Barnett has taught history and literature at prestigious colleges, so her cred is real when she writes about riots, lynchings, arson and other evils that Ivoe confronts. I will read more books like Jam as part of my education in American culture. Confrontation is emotional; education is essential.
READ FOR EQUALITY
When I walk Duncan the Dog, he reads tree bark the way I read books. He’s not interested in the tree itself, only the messages left by his canine tribe. I don’t know what he learns from his sniffing, maybe something like “Oh, that old lab was here today and that little Pomeranian is pregnant. Wow!” His own signature is writ in urine.
Critiquing poetry is much the same, though we write in ink and sweat, not pee. We don’t judge the poet, only the work. We neither defend nor prosecute the “tree.” It’s what’s on the bark that matters.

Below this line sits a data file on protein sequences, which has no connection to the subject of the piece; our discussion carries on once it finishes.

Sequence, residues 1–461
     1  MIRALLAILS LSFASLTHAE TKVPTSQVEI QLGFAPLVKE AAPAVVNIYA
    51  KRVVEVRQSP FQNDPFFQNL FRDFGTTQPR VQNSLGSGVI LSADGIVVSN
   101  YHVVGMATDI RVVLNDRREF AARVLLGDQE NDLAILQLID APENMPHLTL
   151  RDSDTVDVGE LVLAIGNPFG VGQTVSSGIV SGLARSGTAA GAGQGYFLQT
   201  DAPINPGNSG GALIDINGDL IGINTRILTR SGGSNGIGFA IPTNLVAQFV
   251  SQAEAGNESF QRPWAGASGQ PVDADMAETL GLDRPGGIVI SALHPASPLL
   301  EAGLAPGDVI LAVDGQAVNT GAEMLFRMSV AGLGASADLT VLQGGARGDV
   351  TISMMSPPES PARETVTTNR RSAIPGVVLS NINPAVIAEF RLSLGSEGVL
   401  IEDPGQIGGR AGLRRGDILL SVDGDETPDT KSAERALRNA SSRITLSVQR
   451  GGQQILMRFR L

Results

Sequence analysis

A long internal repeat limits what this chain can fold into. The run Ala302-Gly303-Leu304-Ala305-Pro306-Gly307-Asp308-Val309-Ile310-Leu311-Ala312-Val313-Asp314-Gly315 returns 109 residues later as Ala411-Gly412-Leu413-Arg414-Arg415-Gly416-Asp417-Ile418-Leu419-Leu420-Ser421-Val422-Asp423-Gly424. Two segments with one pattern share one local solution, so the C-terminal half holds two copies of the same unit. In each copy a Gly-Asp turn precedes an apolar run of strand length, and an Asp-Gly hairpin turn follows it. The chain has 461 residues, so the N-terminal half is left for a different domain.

Today the critique group to which I belong, Gamuts, will share a potluck lunch and review a poetry manuscript. It works this way: the poet du jour has assembled her manuscript to the best of her ability. She has included a title page, a table of contents and the full text of each poem on a separate page. She has numbered the pages. She will have handed out print copies of the manuscript weeks ago. The rest of us will have read the work at least twice and written comments on the pages.